Montana rushes for 407 yards, but Eastern successfully recovers onside kick to rally for win
The way Montana had gouged Eastern Washington University for the better part of the second half, this one will go down as the mother of all rallies.
Scoring two touchdowns in the final 2:19, the No. 7 Eagles rallied for a 32-26 victory over 21st-ranked Montana Grizzlies Saturday (Sept. 29) at Roos Field in Cheney, Wash. The two scores, aided by a successful onside kick, came within two minutes of each other.
“It was a wild finish and our guys just kept believing,” said Eastern head coach Beau Baldwin. “We have been in similar situations -- and a lot of guys out there on the field have been in similar situations. You have to keep believing. Montana was taking it to us in the second half. Absolutely taking it to us.”
The Eagles allowed 407 rushing yards, and at one point in the second half had 169 total yards compared to a minus-4 for EWU. But Eastern put together an 82-yard scoring drive to pull within two points on a 30-yard touchdown pass from Vernon Adams to Brandon Kaufman. After Shaquille Hill successfully recovered an onside kick for the Eagles, Eastern scored again on a 20-yard TD pass from Adams to Ashton Clark with 53 seconds to play.
The Grizzlies, who out-gained EWU 533-447 yards in total offense, drove 62 yards on five plays, but ran out of time to complete its own rally. Eastern next plays North Dakota, a 35-17 loser to 23rd-ranked Cal Poly, next Saturday (Oct. 6) at 5:05 p.m. on Hall of Fame Day at Roos Field.
Adams completed 25-of-41 passes for 353 yards and three touchdowns in his second career start for EWU, and also added a team-leading 54 yards rushing. He overcame an interception and a fumble in the fourth quarter to become one of several heroes for the Eagles.
“He’s a freshmen playing football for the first time in college -- you are going to go through highs and lows,” Baldwin said. “I see sophomore, junior, even senior quarterbacks sometimes go through low and high moments. That’s the way football works.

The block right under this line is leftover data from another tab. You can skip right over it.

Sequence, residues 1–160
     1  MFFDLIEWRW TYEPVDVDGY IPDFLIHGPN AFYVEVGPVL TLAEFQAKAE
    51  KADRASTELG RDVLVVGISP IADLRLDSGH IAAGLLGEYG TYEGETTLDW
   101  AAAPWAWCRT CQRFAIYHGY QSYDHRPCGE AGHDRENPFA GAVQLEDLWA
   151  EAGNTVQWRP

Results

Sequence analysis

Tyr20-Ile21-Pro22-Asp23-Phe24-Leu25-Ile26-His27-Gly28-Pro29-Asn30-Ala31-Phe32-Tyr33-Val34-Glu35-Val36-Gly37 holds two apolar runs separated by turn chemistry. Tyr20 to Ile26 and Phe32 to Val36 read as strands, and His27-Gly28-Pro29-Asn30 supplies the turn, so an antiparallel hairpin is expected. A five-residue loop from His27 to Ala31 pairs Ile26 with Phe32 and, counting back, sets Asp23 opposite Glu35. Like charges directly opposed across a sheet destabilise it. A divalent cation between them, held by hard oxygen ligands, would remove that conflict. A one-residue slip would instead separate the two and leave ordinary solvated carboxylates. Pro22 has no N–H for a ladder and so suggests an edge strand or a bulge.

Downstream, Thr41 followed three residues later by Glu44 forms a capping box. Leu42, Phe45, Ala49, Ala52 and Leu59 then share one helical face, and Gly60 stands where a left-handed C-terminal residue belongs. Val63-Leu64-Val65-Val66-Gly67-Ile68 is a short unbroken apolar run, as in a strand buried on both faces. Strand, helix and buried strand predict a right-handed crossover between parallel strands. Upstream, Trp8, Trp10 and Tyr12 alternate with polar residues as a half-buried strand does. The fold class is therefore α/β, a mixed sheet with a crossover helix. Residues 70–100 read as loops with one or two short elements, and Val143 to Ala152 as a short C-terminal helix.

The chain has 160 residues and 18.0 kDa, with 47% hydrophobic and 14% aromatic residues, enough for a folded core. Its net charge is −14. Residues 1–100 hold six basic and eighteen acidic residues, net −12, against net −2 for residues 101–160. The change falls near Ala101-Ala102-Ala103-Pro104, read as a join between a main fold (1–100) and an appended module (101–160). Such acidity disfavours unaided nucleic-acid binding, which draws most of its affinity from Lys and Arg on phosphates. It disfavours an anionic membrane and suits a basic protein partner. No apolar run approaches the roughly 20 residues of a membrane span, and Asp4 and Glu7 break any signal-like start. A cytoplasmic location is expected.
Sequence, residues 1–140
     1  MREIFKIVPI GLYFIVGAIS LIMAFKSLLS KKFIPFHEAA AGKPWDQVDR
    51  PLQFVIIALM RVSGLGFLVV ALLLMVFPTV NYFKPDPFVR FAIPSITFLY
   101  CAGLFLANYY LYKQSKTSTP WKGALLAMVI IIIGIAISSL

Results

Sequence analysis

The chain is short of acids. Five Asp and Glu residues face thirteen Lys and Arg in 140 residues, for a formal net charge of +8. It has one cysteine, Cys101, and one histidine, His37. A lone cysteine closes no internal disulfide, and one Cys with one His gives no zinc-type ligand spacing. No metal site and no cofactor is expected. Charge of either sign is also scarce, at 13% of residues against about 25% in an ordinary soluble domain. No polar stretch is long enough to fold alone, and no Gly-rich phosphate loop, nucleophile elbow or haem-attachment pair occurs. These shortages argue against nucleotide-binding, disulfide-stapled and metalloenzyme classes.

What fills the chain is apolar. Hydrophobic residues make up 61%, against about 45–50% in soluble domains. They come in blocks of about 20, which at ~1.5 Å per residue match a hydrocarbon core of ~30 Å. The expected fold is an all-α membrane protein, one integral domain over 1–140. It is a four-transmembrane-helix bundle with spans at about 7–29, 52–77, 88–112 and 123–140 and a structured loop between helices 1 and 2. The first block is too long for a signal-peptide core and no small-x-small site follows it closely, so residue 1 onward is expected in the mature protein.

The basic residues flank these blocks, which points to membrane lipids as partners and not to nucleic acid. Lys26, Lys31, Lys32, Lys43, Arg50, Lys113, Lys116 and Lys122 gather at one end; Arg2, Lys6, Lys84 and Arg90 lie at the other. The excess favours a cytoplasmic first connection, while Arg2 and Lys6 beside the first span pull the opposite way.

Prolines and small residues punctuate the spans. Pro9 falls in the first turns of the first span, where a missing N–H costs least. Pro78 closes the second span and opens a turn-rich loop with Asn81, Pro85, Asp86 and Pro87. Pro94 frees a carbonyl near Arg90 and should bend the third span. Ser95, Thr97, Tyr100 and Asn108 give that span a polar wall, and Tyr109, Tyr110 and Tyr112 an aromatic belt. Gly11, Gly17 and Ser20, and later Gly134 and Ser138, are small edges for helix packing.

“The best thing he did was when he came to the sideline, he didn’t pout or slam his helmet. He just kept saying we are going to get another shot. Even if we had come up short, the guys carried the same attitude the entire time. That always gives you a shot. One of our mottos is ‘panic will always end in defeat,’ but as long as you don’t panic, you give yourself a shot.”
Kaufman finished with eight catches for 138 yards and a pair of scores as he had his fifth-straight 100-yard receiving game. Clark, taking the place of injured All-American Nicholas Edwards, added six grabs for 89 yards.
The Eagles, ranked seventh in this week’s Sports Network NCAA Football Championship Subdivision Top 25 poll, are 3-1 overall and 2-0 in the Big Sky Conference. The Grizzlies fell to 2-3 overall and are 0-2 in the Big Sky Conference for the first time since 1992. A week ago after losing at home to Northern Arizona, the Grizzlies fell from 14th to 21st in the Sports Network poll.
Montana rushed 61 times and had three players with 95 yards or more. The 407 yards were the most against the Eagles since Southern Utah rushed for 535 yards in the final game of the 1998 season.